Is their hope for the NHL in Hartford on the horizon? One of the biggest obstacles preventing a team playing in Connecticut’s capital is the lack of a state of the art arena, however that soon may no longer be a problem.
The Hartford Courant has reported that Oak Street Real Estate Capital, a Chicago firm, will submit a proposal to purchase and renovate the city’s arena later this month. The XL Center, formerly the Hartford Civic Center, is one of the oldest facilities in the country and needs a major overhaul. Currently, the arena hosts concerts is home to UConn Basketball, UConn Ice Hockey, and the AHL’s Hartford WolfPack.
The offer to the city of Hartford did outline the plan to renovate the building and planned to put in over $250 Million with the intention of making it a state of the art facility. The state has proposed two options in recent years, one of which was a $250 Million dollar proposal to bring the current property up to a state of the art facility through renovation.The other, and more expensive option, was to completely tear down the existing structure and build a new arena which would have cost $500 Million.
The outline of the deal would be $50 Million upfront from the group to the state, but the state would pay 7.5% of the renovation costs and would be subject to annual increases of two percent. This would mean at the minimum the state would invest roughly $19 Million for the reconstruction. Just to tear down the existing structure would cost $40 Million
The following is a statement from the Oak Street Group on their interest in acquiring the XL Center.
“Our interest in the XL Center stems from our larger goal of revitalizing the Hartford area. We believe that the transformation of the aging arena into a state-of-the art sports and entertainment venue can be the focal point of the city’s redevelopment and spur economic growth.”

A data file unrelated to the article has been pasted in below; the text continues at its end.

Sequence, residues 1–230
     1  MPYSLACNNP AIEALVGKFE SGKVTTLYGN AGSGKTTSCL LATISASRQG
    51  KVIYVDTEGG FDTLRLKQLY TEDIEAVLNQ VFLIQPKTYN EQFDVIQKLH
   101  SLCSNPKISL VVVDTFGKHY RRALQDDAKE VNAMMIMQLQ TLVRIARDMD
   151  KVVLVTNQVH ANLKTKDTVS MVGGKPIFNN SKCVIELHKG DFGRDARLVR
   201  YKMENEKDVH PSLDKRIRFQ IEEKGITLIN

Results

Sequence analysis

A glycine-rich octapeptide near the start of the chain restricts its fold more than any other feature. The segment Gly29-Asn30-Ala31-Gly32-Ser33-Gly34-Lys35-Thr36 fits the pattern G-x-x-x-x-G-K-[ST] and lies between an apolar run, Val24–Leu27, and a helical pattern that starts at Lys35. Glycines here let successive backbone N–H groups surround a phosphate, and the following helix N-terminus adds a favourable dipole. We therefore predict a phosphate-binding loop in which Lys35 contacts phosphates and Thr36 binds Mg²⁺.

Included in this statement, Oak Street it is ready to close on the acquisition of the building in the coming month and would send its proposal to the state for the upcoming request for proposals.
If the XL Center is upgraded to a state of the art facility it could put the city of Hartford in the discussion for a potential NHL team. The good news for hockey fans in Hartford is there are two encouraging trends in the National Hockey League that could eventually help the city land a franchise.
The first is the league’s expansion plan. The league is already looking to add a 32nd franchise in Seattle and after a successful ticket drive, Seattle is inching closer to professional hockey. After the success of hockey in Las Vegas due to a new expansion draft that has given the Golden Knights the quality talent to earn a sweep in the first round the NHL playoffs. With the new expansion plan working it is possible that Hartford could land an expansion franchise rather than relocating an existing team.
The second factor is that Seattle is setting a new arena precedent for attracting an NHL franchise. It was believed that the only way to attract an NHL franchise with a brand new arena. However, if Seattle is awarded an official franchise, it proves that a city can update a pre-existing arena to a modern standard rather than building a new arena. In Seattle, the plan is to extensively remodel Key Arena into a state of the art facility. If the NHL does put a team in Seattle for the 2020 season, it shows that they are willing to put a team in a state of the art facility even if it is not a brand new facility.
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